Love,

Tara

avoiding what you most love

Fearlessness Blog Graphic

The lights in the room go down. I’m up on stage. I can’t see many faces or eyes in the audience, but I can feel the crowd, completely. I speak from the heart, and lose my sense of time, of space and of me. Magic happens.

I sit down at the computer to write. I wade through the icky first few moments and eventually, the work draws me in. A couple hours later, I pick up my head, notice the time, and feel completely uplifted by the journey that writing has taken me on.

For me, writing and speaking are the vessels that carry me to that special state called flow, the state when we lose track of time, when we fall into a gorgeous forgetting of ourselves and become completely merged with what we’re doing.

For you, it’s probably some other activities. Maybe running or gardening or counseling or crunching numbers. We’ve all been given a few vessels that take us into that special state called flow.

What I want to talk about today – with great compassion – is why we so often end up not doing the things that bring us into that wonderful state of flow, even though flow brings us so much joy, and so much respite from our day-to-day malaises.

There are the usual reasons: Fear of being bad at the activity. Past wounds from that teacher or supposed mentor who made us feel like we just weren’t cut out to do the thing. Lack of time. Thinking we’re too old or too young, or, or, or…

Yes, all that. But there is a deeper reason we resist and then often simply don’t do the things that bring us into flow.

It’s because flow threatens ego.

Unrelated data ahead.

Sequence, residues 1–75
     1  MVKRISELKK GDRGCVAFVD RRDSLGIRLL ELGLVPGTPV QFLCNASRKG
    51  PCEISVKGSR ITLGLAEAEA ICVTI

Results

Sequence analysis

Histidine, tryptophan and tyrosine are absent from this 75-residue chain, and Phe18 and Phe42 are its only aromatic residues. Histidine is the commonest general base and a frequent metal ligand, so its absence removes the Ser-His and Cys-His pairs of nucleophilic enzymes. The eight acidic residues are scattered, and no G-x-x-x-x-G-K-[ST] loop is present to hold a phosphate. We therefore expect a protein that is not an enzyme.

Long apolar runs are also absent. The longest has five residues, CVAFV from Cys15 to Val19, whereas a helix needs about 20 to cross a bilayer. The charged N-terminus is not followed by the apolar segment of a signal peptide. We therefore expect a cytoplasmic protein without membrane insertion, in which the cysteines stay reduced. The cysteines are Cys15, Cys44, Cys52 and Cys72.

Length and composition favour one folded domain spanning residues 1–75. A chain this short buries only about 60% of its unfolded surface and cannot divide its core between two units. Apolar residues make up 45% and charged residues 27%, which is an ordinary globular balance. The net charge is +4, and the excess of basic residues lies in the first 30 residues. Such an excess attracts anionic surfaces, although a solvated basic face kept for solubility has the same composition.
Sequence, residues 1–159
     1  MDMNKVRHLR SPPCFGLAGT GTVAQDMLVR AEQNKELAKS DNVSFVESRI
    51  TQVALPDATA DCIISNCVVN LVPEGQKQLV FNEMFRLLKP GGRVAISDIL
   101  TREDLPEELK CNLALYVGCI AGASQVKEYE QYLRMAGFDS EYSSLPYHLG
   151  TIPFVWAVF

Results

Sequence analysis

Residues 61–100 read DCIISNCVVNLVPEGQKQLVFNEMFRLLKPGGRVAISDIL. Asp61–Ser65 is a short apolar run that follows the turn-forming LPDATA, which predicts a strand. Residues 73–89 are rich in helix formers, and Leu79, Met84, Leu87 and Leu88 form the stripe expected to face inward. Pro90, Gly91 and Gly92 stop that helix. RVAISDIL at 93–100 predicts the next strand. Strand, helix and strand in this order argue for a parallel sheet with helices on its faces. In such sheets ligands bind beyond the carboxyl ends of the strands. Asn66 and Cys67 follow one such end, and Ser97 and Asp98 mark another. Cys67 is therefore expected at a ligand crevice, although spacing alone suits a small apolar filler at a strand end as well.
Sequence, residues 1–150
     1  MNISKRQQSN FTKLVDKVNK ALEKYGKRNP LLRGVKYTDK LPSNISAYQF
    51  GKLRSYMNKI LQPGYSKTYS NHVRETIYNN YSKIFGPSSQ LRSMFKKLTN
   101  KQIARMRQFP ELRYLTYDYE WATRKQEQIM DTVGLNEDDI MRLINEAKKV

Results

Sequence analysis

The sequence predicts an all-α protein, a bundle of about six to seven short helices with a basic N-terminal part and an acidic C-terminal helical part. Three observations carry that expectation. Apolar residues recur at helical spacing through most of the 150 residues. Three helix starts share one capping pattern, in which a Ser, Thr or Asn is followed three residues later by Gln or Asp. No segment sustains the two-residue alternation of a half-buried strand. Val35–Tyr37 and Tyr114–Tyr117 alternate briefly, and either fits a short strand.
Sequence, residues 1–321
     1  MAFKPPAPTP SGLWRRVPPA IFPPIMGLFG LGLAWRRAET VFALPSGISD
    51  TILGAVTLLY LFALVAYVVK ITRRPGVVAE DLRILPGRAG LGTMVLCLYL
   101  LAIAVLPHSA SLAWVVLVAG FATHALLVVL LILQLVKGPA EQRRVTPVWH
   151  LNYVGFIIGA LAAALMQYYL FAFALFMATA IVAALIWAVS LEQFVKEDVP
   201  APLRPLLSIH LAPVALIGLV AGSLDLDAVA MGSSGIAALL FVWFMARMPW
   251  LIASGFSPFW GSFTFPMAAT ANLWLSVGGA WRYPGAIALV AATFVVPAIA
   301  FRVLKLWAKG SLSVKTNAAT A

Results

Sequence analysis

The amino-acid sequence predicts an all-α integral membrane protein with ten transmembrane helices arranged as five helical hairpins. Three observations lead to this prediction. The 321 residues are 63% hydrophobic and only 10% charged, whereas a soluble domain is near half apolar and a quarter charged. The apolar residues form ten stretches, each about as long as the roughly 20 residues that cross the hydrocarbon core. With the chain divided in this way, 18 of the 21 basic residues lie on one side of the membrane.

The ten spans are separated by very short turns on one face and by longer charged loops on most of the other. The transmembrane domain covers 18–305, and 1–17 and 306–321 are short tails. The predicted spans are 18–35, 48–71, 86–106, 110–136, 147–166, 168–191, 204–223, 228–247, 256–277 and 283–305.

The ego is a part of us that sees ourselves as a distinct, separate self. It’s invested in you seeing yourself as a self – you know, the kind with a name, a height, a weight, a resumé or LinkedIn profile, a relationship history, and so on. It generally feels quite threatened (because indeed an alone, separate self is not very safe), and therefore spends most of its energy trying to defend itself or avoid dangers one way or another. It never sees you the other way – a stitch in a wondrous fabric, a ray in a sun, a drop in an ocean. It knows the bounded you, not the connected one.

The ego does not like it when we go into flow state because flow state is about the disappearing of the boundaries of self.

The boundary that disappears for you when you are in flow might be one between you and other human beings.

The boundary that disappears might be the boundary between you and nature, as you hike on a trail or swim in the ocean.

The boundary that disappears might be the boundary between you and your material, as you sand the wood, or move the needle through the yarn, or place the bead on the wire.

The boundary that disappears might be the boundary between you and Inspiration, as something else writes the essay for you, or the right thing to say in the meeting simply comes out of your mouth.

Flow undermines the illusion of the separate self.

Ego doesn’t only feel threatened by failure or emotional exposure. It also feels threatened by anything that helps us transcend our egoic self.

A few weeks ago, I heard someone say something intriguing: “I’m afraid that if I start meditating more, I’ll somehow lose my edge.”

It’s an interesting phrase, “losing your edge.” Sometimes, those words are used to connote losing a competitive edge. Sometimes, it has to do more with losing a kind of mental sharpness, or hunger for achievement.

I can’t help but think about it differently. When I heard, “If I meditate more, I might lose my edge,” the edge I thought of was the edge of the self.

As much as we individually long to lose our edges, and as much as our world needs us to do so in order that we collaborate to survive, another part of us fears that loss.

So today’s note is, first and foremost, a loving reminder to you that there are things in your life that bring you into flow. Because we forget. Those activities are gifts to you from life and from the divine. They deserve your time, and they will repay you manifold if you give it to them.